At 0.64 mile, the trail continues straight, or makes a sharp turn back along the flank of the hillside, traveling through coastal sage scrub and offering a panoramic view of the watershed. Living along this section of the trail are coast horned lizards, red diamond rattlesnakes, roadrunners, and California and spotted towhees. The trail wraps back around to the north, eventually bringing you to the creek bed crossing and steel bridge.

An alternative loop can be made by going straight along the river corridor at the 0.64 mile mark. In about another 0.2 mile, there is a wooden bridge that crosses the riverbed to the north side. The trail eventually connects to a service road. Although not as scenic, a turn to the right makes this a nice 2-mile loop back to the Singer Lane parking area. Or, if looking for a longer challenge (5.6 miles one way), head south on the trail at the bridge and eventually connect to the Sweetwater River Trail on San Diego County land before returning. Access to this trail from the south can be found at Sweetwater Regional Park.

Map of the Sweetwater River Trail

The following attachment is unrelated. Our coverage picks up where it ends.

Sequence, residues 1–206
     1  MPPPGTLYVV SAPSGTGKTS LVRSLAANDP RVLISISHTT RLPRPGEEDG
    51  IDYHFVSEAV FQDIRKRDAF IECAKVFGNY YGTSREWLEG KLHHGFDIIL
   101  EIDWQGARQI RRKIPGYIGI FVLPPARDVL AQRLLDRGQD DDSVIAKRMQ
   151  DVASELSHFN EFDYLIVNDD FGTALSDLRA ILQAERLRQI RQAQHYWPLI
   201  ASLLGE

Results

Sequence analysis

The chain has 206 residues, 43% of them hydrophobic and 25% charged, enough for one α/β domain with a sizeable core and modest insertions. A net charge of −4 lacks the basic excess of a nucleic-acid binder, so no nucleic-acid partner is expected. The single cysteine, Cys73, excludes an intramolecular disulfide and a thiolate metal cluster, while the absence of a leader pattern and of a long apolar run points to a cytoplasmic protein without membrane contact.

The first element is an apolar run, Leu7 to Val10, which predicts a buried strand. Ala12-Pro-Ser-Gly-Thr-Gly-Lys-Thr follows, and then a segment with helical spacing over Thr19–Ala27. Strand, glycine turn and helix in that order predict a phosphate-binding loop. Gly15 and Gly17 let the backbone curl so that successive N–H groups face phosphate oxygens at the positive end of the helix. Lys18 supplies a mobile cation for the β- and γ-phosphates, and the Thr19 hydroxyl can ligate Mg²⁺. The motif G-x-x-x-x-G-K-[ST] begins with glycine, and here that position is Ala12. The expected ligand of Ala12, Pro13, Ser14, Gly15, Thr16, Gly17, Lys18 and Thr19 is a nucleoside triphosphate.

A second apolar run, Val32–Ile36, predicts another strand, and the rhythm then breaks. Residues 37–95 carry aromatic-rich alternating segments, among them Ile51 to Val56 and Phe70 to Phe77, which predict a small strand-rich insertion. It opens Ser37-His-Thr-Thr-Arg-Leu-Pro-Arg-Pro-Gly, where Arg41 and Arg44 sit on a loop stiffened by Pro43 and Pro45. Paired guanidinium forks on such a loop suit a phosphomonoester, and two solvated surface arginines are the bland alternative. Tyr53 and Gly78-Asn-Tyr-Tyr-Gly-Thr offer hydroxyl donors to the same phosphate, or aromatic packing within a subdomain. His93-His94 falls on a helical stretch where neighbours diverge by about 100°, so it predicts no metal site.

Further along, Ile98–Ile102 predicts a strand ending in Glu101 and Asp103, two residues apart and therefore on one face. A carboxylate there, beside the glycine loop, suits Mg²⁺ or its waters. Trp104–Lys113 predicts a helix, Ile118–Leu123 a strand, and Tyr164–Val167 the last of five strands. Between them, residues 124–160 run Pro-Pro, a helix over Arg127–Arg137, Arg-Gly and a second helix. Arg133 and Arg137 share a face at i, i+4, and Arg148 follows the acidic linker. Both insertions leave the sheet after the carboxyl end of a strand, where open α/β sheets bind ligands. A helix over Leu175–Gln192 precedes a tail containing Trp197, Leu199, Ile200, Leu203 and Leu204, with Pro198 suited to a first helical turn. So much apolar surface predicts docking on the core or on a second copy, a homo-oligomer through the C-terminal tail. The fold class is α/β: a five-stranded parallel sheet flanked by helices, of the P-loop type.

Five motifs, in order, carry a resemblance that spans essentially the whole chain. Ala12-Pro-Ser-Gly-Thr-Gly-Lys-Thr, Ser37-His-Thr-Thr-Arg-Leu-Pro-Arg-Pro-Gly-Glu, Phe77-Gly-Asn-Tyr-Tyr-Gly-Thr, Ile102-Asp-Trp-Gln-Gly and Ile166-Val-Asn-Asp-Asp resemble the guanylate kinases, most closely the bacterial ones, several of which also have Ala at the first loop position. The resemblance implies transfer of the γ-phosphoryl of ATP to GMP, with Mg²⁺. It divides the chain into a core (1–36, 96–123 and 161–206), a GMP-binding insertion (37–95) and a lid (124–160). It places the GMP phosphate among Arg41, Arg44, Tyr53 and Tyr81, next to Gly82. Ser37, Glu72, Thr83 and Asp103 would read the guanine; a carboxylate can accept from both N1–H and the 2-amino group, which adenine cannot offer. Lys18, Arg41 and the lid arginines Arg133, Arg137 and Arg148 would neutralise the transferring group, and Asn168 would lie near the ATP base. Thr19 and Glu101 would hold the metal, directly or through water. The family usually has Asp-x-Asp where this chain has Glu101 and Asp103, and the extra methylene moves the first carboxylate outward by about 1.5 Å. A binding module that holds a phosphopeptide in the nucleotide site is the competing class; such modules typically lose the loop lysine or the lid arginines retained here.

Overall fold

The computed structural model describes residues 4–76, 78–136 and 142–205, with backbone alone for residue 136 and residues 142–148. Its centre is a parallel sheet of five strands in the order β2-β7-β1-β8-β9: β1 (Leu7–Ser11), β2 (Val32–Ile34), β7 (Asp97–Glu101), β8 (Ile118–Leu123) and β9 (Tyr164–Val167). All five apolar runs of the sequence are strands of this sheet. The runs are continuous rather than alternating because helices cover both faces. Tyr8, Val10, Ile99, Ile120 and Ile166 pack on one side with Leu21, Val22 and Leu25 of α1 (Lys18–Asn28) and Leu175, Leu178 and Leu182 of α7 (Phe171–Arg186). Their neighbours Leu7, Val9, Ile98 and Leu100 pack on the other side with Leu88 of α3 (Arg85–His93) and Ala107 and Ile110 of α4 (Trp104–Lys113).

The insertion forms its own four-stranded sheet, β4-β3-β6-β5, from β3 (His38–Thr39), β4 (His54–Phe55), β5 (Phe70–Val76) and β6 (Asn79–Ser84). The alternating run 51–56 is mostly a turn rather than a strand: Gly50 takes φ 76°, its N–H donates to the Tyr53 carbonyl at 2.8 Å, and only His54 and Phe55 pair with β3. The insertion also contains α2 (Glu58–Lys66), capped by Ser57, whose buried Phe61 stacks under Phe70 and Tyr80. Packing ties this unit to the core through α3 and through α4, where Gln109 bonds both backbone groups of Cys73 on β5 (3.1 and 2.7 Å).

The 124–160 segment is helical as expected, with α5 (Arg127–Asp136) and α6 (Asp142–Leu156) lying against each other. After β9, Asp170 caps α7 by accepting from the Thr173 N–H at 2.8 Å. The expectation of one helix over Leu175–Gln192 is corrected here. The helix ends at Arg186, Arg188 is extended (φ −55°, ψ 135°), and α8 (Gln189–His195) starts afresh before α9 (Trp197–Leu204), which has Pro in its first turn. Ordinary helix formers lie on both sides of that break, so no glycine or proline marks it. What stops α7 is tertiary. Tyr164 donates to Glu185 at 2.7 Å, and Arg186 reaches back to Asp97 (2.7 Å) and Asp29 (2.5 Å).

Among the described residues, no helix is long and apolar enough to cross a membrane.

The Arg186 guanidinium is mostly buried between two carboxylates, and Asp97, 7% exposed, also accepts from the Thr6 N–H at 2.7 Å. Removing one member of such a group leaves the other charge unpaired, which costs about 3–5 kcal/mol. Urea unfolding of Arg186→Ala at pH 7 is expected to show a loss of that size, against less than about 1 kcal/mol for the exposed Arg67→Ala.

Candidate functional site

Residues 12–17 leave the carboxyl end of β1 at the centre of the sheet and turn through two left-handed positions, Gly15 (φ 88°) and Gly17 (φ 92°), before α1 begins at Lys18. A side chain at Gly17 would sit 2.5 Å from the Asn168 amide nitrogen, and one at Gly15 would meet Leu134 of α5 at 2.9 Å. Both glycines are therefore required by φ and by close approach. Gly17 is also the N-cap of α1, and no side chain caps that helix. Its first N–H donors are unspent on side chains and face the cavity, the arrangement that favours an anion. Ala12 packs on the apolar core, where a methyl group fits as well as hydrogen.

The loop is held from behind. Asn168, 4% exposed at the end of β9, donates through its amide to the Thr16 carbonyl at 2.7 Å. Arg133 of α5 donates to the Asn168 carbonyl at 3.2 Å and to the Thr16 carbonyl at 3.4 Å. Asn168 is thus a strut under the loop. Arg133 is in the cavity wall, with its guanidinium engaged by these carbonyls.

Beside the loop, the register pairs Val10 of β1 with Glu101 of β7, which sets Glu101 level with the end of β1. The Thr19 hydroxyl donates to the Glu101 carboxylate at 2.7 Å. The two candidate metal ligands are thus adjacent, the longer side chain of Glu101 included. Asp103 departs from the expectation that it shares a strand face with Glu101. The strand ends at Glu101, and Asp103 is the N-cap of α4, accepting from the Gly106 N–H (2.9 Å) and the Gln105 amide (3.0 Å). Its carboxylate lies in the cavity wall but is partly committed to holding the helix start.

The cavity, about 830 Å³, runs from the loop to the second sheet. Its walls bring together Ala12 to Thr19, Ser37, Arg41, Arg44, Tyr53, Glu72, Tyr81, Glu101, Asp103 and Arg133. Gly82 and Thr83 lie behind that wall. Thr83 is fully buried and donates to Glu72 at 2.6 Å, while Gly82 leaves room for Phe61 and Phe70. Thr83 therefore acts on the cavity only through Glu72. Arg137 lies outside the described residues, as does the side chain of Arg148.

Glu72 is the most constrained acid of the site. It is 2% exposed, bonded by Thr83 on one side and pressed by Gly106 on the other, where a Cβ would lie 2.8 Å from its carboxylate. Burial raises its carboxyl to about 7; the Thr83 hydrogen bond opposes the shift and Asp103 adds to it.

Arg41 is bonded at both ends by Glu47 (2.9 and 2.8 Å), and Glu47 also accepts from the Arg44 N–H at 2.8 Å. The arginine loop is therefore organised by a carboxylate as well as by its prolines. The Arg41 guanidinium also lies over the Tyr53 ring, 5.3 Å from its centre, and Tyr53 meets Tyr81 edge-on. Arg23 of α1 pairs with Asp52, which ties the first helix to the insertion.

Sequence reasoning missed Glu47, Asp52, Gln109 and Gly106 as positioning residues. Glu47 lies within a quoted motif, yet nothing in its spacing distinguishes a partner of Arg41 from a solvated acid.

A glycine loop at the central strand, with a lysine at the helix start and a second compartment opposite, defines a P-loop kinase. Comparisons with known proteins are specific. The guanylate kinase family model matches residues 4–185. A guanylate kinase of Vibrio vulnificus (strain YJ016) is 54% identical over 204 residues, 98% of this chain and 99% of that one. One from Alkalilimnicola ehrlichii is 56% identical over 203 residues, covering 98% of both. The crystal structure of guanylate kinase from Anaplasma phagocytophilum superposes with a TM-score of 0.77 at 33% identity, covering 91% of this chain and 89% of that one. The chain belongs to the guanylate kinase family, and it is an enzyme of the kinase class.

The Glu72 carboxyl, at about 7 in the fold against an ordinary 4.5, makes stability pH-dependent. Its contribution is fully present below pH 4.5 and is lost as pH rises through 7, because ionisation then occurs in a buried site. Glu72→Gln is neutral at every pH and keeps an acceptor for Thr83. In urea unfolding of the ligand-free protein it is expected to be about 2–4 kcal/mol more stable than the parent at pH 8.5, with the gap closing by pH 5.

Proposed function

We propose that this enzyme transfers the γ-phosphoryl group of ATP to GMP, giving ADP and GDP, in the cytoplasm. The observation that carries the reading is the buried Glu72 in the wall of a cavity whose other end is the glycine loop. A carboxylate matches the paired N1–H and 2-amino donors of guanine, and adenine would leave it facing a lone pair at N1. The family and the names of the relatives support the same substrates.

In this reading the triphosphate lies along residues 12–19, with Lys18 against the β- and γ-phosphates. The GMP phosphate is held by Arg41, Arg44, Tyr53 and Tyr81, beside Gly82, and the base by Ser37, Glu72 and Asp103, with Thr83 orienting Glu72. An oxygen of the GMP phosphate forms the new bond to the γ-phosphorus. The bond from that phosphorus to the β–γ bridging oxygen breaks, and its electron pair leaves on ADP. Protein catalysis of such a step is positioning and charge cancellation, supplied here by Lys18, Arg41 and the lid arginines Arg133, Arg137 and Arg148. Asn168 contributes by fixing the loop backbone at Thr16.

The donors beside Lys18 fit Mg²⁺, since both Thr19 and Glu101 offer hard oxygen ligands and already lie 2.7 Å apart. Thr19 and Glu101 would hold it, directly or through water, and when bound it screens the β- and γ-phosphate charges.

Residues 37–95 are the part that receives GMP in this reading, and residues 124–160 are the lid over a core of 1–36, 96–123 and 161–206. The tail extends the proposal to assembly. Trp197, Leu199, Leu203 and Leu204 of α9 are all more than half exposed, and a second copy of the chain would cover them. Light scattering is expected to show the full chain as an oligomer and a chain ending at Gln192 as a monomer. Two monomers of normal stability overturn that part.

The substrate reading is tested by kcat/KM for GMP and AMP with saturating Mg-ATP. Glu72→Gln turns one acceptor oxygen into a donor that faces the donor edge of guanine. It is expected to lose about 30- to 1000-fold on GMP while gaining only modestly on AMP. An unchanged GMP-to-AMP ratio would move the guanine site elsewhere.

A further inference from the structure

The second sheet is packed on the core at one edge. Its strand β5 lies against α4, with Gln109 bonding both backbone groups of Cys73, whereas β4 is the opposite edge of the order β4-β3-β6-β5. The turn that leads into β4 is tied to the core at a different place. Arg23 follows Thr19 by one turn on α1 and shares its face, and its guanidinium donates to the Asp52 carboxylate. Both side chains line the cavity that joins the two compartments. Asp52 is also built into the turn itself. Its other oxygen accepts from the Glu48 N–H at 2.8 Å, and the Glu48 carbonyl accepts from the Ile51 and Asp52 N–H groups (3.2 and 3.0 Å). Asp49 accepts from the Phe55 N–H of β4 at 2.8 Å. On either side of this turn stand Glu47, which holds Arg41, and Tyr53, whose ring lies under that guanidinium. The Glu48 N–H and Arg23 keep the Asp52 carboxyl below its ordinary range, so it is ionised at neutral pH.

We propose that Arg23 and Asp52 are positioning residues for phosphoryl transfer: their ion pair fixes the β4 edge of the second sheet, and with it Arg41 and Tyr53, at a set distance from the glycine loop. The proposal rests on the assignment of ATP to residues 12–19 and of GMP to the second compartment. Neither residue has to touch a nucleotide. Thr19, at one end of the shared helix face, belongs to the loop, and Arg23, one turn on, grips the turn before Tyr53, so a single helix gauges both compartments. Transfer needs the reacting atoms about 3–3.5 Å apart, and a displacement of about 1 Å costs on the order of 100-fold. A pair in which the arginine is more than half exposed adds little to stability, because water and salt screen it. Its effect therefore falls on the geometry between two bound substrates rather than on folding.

There is also a trail in the San Diego Wildlife Refuge on the north side of SR-94 along the Sweetwater River flood plain. This 1.4-mile section is best reached by parking at the trailhead at the end of Par 4 Drive, accessed from Steele Canyon Road off SR-94. There is no parking lot in this residential neighborhood, so please be respectful of driveways and access.

Distance from downtown San Diego: 15 miles. Allow 25 minutes driving time (Rancho San Diego). From SR-94 E/Campo Road, exit west (right) onto Singer Lane, then take an immediate left into the parking area. Limited parking can be found on Singer Lane. The trailhead is at the south end of the historic Sweetwater steel bridge.

Hiking length: 1.5-mile loop with longer options available.